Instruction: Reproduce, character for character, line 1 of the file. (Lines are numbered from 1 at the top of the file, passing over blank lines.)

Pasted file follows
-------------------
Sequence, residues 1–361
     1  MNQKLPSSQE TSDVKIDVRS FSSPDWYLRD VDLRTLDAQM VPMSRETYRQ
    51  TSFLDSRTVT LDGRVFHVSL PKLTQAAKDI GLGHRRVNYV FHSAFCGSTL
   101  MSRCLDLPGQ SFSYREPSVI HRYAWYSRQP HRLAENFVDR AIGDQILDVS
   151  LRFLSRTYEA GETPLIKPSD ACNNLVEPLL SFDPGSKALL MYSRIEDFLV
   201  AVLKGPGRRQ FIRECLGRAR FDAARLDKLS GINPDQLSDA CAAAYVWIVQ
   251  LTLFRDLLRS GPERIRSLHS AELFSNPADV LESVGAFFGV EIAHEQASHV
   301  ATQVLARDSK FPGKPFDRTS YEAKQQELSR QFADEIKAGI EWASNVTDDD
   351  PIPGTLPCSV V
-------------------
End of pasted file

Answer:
Sequence, residues 1–361